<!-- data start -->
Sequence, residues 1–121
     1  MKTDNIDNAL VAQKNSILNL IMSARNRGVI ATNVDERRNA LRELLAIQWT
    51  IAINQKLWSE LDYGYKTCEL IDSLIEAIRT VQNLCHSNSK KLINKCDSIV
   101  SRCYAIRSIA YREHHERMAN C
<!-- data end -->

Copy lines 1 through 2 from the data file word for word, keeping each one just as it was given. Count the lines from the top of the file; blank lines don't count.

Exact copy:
Sequence, residues 1–121
     1  MKTDNIDNAL VAQKNSILNL IMSARNRGVI ATNVDERRNA LRELLAIQWT